Sponsored post: I received a digital copy of this book for free on a read-to-review basis. Thanks to Simon Pulse and Edelweiss.
Blurb (from Goodreads):
Max would follow Sadie anywhere, so when Sadie decides to ditch her problems and escape to Nebraska for the summer, it’s only natural for Max to go along. She is Sadie’s confidante, her protector, and her best friend. This summer will be all about them. This summer will be perfect.
But that’s before they meet Dylan.
Dylan is dangerous and intoxicating, and he awakens something in Max that she never knew existed. No matter how much she wants to, she can’t back away.
But Sadie has her own intensity, and has never allowed Max to become close with anyone else. And Max doesn’t know who she is without Sadie.
There are some problems you just can’t escape.
My rating: 3.5 of 5 stars
(Source: I received a digital copy of this book for free on a read-to-review basis. Thanks to Simon Pulse and Edelweiss.)
Max and Sadie are best friends, and have been inseparable since they were small. Max is Sadie’s keeper though. She is always doing damage control, always making Sadie leave when she’s too drunk, always the designated driver, and always the one that clears up Sadie’s messes.
This summer Sadie and Max are going to visit Sadie’s mom who lives in a commune on a farm. Sadie and Max are expected to work in the fields harvesting the crops, and both are a little concerned about how bad it is going to be.
Only a few days into their summer Sadie becomes ill and is diagnosed with mono, she’s told that she must be quarantined so that the rest of the commune don’t catch it, and Max must move out of their shared trailer, and continue working without Sadie.
It is this forced absence from Sadie that lets Max realise that there is more to life than looking after Sadie, that she has her own ideas and dreams.
How will Sadie feel about this though? How will she react to the fact that Max is no longer going to be her slave? And what will happen at the end of the summer?
This was an interesting ‘coming-of-age’ story, but it won’t be to everybody’s taste.
Max was clearly the responsible one of her and Sadie’s friendship. She was always looking after Sadie, clearing up her messes, and performing damage control, and had been doing it for a long time. The dynamics in their relationship was a little difficult because of this, and I liked it when Max realised that she wasn’t only Sadie’s friend, and that she had a life of her own.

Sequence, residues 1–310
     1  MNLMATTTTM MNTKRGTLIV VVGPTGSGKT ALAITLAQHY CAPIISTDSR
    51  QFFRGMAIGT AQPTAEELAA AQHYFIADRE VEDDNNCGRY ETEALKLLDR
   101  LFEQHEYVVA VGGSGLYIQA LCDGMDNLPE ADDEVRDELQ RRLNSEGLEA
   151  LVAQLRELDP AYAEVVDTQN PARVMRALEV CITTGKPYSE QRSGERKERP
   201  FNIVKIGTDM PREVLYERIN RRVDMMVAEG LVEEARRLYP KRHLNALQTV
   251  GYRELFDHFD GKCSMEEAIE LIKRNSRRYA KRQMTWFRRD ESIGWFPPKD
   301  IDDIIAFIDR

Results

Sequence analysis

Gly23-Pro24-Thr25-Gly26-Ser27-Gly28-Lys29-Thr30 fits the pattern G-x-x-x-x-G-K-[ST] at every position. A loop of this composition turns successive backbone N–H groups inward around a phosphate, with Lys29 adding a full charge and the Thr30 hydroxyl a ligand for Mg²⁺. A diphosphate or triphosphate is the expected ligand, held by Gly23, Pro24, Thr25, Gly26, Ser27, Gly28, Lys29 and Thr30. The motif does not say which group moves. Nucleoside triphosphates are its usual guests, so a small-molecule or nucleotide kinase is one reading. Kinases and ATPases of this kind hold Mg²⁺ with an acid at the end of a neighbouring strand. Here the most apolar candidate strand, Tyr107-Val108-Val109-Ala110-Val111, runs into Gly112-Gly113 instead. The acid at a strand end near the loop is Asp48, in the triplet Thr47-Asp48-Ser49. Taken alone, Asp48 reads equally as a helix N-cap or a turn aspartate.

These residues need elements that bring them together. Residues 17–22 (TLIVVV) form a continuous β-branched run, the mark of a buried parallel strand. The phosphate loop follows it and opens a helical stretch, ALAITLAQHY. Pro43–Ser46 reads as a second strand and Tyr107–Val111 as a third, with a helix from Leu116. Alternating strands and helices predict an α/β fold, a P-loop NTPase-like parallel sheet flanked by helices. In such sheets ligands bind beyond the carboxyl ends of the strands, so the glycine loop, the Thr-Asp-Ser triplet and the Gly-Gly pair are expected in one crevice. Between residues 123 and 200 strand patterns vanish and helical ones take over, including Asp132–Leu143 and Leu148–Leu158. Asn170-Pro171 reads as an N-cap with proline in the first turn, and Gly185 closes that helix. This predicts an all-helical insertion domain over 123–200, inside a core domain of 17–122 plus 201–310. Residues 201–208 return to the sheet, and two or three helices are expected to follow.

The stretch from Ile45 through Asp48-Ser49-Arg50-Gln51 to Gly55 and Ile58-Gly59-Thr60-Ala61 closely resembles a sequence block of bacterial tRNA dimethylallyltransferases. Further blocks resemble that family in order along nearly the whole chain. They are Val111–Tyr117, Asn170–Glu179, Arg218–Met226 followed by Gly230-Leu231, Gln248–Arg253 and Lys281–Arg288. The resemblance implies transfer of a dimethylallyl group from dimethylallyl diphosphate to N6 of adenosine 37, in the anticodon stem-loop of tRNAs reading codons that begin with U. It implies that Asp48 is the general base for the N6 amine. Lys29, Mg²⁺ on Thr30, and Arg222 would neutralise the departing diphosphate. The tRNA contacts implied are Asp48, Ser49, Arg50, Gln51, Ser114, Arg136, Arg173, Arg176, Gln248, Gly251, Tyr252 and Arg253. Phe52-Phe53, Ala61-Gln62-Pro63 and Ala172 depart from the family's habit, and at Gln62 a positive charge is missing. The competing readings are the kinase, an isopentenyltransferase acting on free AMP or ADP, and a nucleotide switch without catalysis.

Sadie was quite a spoiled character, and was ultimately very selfish. Everything was about her, and Max was expected to go along with whatever she was doing, and be there to pick up the pieces afterwards. Even though the whole summer at the commune was Sadie’s dad’s idea, Max was expected to go along like a lapdog, and it was unfair the way that Max was like a replacement mother to Sadie.
There was a love interest in this book called Dylan, but he wasn’t as much a feature in the story as the blurb has you believe. Max and Dylan did have a sort-of relationship at points, and Sadie was jealous, but this wasn’t the main storyline.
There wasn’t really all that much romance in this book at all really, there were some romantic encounters, but overall the book was quite light on romance.
I liked the storyline in this book, mainly as I really wanted Max to come to her senses and stop pandering to Sadie. Sadie really needed a wake-up call, and some lessons in how to treat her friend. Even though she did apologise at points, and she did begin being nicer to Max, it was obvious that she didn’t really want Max to have a life outside of her.
The first ~40% of this book was written in a strange way, it was first person, but it was written like Max was writing/ talking to Sadie – ‘You ran away from me’, ‘“No way!” You say’. This was a little odd to get used to, and I liked it better when the author changed this style half-way through the book to a normal first-person way of writing.
Each of the chapters also had a little intro to it, some of which were a little odd. Each intro was about a Greek god, or the devil and other stuff (I don’t remember them all!), one was definitely about Artemis, another was Nereids (Goddesses of lakes?), and then there were pieces about love and war. I think these intros were supposed to relate to the next part of the story, but many were just a bit too obtuse for me to really get!
Overall; this was an interesting YA coming-of-age story, but the lyrical way of writing, and the letter-style narration of the first half of the book will not be to everyone’s taste.
7 out of 10.
'Over You' Will be released on June 4th 2013.